The PCM 16 enters an Upload Mode whenever a system "power up" condition is sensed. However, during testing, the tester generates this condition. Upon entering the Upload Mode, the PCM 16 executes a series of read cycles (512 for the aforementioned preferred implementation of the invention). The map data file within the non-volatile memory 19 is transferred byte-by-byte, into internal registers within the PCM 16. When the entire map data file has been transferred from the non-volatile memory 19 to the PCM's internal registers, the PCM 16 automatically enters Active Mode.
In Active Mode, the PCM 16 is completely configured and is ready to perform address replacements in "real time". With the PCM 16 in Active Mode, the PCM 16 is able to detect defective addresses, decouple the main memory block 17 from the data bus 15 by sending an output disable signal OE to the main memory block 17 when a defective address is detected, and simultaneously supervise access to a designated location within the replacement memory. When accessed, the data stored in the designated location within the replacement memory 18 is coupled to the bi-directional data bus 15. With the PCM 16 in Active Mode, the tester executes the memory module test again to verify that all memory errors identified in the initial test have been eliminated.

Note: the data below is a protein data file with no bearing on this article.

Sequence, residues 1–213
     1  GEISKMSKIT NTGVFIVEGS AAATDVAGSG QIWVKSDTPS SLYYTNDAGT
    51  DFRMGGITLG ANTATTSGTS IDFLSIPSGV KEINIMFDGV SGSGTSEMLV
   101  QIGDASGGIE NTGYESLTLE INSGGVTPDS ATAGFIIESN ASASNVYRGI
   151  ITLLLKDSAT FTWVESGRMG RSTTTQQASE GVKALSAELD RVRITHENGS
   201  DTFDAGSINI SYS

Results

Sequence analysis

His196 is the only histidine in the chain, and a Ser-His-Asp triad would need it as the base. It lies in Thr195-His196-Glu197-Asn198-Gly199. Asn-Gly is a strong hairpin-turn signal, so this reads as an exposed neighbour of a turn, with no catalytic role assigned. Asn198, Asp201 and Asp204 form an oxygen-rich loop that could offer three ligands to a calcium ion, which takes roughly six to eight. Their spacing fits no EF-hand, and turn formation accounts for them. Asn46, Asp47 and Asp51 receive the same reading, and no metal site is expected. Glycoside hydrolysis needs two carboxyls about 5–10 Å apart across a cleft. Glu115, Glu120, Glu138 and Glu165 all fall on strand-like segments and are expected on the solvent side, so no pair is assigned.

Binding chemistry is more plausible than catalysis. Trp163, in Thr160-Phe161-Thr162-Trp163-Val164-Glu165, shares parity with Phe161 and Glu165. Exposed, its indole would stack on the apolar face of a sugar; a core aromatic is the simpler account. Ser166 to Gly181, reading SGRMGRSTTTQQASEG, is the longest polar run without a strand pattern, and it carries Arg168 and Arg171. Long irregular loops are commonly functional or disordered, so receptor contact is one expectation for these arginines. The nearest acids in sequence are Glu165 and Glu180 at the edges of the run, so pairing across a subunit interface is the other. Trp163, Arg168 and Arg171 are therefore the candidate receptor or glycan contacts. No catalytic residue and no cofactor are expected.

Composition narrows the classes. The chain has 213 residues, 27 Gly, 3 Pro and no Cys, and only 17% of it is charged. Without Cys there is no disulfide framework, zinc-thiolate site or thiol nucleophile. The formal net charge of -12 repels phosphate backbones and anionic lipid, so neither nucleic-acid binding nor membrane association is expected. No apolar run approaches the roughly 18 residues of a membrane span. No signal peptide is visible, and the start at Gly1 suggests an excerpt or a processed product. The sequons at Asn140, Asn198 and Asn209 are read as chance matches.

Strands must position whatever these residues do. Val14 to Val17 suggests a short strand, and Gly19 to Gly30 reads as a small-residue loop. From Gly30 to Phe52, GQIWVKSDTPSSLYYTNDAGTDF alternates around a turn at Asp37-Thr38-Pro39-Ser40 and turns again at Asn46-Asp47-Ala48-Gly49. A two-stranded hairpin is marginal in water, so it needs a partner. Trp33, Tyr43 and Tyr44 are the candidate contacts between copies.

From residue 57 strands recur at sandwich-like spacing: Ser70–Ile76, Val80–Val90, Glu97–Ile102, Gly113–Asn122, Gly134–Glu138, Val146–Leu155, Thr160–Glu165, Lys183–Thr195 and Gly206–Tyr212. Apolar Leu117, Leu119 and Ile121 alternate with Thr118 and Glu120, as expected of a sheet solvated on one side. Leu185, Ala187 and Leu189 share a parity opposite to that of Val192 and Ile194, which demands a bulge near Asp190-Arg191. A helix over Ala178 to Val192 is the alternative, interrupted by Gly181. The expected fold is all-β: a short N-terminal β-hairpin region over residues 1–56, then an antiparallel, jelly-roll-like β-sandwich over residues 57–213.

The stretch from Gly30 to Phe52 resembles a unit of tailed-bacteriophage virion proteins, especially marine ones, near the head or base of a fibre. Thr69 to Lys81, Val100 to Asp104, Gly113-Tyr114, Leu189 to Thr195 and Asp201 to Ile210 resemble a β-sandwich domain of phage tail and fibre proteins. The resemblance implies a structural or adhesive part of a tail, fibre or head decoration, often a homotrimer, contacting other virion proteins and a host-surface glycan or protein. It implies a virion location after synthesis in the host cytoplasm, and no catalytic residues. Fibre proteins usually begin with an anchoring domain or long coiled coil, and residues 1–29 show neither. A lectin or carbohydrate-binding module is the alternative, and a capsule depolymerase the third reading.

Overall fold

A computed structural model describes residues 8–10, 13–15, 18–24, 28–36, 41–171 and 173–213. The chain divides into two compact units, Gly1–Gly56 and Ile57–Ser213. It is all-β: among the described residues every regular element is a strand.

After the memory module has been tested and the non-volatile memory 19 programmed, the memory module 10 is available for installation in a data processing system. When installed in such a host system, the PCM 16 enters the Upload Mode whenever it senses a power up condition and uploads the contents of the non-volatile memory 19 into its internal registers. Memory locations within the non-volatile memory 19 and the replacement memory 18 are addressed by the PCM 16 over the local address bus LCLAB.